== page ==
Health care sharing ministries have been around for years, and they fill a niche in a diverse insurance market shattered by Obamacare. The Affordable Care Act (Obamacare) has provisions that allow sharing ministries to coexist with Obamacare plans, which makes many consumers happy, but irritates some Obamacare advocates. It’s been a year since I last wrote…
- US plans to rejoin UNESCO. Trump pulled us out because the organization is flagrantly anti-capitalist and anti-US. Biden is not only rejoining; he has agreed to $619 million in “arrears” payments.
- More than 90% of cancer centers are impacted by drug shortages.
- Cato paper on new technologies: Should we try to avoid harmful effects by regulation or by tort law?
- Is woke culture the reason Hollywood can’t make good movies any more – unless it recycles old plots and themes?
- Two different views of AI:
The New York Times: “Generative A.I. Can Add $4.4 Trillion in Value to Global Economy, Study Says,”
We have written about Medicare hospice care several times in the past. John Goodman wrote about a new Medicare pilot program where the same health plans that manage seniors’ medical care will also manage their hospice benefits near end-of-life. I wrote about how Medicare hospice care is growing by leaps and bounds, which is attracting scammers who enroll ineligible patients (not likely to die in six months) and gouge taxpayers for care that is inappropriate.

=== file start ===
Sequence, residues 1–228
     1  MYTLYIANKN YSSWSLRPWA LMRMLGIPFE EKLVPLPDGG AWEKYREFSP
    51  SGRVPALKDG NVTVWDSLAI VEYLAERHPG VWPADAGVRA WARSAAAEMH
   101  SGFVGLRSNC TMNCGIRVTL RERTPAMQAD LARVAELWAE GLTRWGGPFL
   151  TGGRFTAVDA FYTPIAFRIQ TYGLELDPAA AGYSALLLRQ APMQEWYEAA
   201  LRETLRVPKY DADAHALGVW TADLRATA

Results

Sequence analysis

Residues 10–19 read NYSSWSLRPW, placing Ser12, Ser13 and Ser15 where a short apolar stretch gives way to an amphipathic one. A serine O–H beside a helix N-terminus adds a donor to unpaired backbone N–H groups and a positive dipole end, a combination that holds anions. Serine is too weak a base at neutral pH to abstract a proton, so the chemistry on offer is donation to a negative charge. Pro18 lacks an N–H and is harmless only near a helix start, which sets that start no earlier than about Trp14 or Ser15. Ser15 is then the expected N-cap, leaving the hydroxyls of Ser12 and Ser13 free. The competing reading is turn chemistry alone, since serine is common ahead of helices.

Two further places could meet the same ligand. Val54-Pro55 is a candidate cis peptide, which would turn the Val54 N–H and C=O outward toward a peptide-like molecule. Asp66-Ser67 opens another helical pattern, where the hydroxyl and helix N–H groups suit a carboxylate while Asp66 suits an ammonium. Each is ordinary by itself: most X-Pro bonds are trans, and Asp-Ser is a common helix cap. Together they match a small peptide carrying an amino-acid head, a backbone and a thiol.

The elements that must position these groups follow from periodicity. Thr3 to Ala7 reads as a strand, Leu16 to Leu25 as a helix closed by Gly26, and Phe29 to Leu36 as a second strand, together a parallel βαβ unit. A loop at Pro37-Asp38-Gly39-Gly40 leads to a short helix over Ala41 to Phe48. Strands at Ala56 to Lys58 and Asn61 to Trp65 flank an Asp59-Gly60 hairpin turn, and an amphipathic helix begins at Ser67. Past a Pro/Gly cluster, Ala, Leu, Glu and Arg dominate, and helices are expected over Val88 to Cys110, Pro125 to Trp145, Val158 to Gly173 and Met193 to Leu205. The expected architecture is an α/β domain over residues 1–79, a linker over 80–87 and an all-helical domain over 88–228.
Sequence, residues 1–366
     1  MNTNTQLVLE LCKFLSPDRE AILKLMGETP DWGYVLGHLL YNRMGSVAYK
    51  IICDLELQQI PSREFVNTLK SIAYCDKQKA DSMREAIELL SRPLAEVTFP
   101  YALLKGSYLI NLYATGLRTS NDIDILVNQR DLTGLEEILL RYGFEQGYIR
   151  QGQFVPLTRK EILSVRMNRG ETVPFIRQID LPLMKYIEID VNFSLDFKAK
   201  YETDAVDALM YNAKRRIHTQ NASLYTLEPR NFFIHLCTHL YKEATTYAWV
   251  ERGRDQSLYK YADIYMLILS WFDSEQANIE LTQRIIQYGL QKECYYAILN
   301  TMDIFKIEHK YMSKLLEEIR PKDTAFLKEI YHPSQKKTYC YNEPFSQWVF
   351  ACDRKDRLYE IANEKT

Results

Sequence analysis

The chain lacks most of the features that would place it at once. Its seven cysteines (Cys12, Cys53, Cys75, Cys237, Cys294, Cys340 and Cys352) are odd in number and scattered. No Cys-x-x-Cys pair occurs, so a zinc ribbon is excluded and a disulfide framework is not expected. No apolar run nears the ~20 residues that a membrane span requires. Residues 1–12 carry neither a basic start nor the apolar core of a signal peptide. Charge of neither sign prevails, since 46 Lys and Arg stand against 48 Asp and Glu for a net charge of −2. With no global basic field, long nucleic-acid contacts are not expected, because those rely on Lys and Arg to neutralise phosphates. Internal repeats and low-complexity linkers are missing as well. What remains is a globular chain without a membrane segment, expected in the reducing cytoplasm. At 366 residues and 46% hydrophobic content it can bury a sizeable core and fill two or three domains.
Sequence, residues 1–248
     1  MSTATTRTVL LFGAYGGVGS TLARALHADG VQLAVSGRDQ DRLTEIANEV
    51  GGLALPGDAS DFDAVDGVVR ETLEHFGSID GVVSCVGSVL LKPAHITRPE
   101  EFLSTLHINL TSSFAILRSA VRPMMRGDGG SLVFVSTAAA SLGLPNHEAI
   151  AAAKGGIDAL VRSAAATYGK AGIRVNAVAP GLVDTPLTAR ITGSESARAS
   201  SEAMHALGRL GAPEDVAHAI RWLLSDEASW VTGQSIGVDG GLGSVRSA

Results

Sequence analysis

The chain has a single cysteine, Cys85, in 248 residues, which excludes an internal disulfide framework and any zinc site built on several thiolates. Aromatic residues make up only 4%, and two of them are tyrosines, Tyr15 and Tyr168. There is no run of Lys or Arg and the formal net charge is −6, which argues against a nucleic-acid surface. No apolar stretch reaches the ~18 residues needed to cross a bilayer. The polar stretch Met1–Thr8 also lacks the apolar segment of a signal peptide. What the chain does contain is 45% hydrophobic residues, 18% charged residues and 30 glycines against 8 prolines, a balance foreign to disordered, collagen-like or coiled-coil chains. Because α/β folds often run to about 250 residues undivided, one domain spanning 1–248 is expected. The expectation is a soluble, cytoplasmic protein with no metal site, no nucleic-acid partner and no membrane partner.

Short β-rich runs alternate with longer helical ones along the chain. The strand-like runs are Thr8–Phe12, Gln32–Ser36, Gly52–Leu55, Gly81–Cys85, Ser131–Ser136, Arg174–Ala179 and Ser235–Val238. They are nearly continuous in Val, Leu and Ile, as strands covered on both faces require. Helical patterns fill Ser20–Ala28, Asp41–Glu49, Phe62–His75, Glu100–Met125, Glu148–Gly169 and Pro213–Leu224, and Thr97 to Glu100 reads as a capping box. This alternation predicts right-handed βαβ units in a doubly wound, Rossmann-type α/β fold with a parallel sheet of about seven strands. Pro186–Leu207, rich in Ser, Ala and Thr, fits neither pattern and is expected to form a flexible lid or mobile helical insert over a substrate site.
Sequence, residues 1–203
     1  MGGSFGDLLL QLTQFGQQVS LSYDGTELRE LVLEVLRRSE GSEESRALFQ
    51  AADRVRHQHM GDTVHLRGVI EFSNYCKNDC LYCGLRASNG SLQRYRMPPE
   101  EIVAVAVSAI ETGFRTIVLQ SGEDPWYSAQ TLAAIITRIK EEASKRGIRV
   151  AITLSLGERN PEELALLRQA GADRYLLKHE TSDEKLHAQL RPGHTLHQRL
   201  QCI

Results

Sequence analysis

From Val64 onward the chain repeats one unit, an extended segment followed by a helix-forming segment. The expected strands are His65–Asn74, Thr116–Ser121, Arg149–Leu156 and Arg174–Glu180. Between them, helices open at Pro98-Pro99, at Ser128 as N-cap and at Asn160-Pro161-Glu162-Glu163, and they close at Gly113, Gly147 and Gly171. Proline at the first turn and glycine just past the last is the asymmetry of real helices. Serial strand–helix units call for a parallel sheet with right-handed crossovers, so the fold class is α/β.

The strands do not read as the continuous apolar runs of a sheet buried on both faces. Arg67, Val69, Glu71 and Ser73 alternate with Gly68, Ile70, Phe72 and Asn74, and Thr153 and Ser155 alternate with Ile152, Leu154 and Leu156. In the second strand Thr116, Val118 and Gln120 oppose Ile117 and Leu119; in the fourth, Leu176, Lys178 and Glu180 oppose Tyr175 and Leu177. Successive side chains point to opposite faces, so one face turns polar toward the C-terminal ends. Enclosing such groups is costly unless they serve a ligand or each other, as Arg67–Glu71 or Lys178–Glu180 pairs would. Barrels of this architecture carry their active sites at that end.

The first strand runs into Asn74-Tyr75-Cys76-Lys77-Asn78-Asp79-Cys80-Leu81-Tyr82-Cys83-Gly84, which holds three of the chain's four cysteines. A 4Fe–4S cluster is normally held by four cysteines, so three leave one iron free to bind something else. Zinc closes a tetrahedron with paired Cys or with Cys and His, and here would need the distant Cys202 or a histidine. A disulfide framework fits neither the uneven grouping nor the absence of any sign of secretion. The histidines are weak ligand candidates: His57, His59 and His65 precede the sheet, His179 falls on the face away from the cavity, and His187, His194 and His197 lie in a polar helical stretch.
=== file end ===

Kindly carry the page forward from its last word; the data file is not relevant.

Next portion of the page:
The New York Times published an article on the difference in hospice care provided by nonprofit versus for-profit organizations. Purportedly, nonprofit organizations are a better value.
Covid-19 relief aid was the greatest opportunity for graft in the nation’s history. The Associated Press called it The Great Grift, saying:
Fraudsters used the Social Security numbers of dead people and federal prisoners to get unemployment checks. Cheaters collected those benefits in multiple states. And federal loan applicants weren’t cross-checked against a Treasury Department database that would have raised red flags about sketchy borrowers.
Criminals and gangs grabbed the money. But so did a U.S. soldier in Georgia, the pastors of a defunct church in Texas, a former state lawmaker in Missouri and a roofing contractor in Montana.
All of it led to the greatest grift in U.S. history, with thieves plundering billions of dollars in federal COVID-19 relief aid intended to combat the worst pandemic in a century and to stabilize an economy in free fall.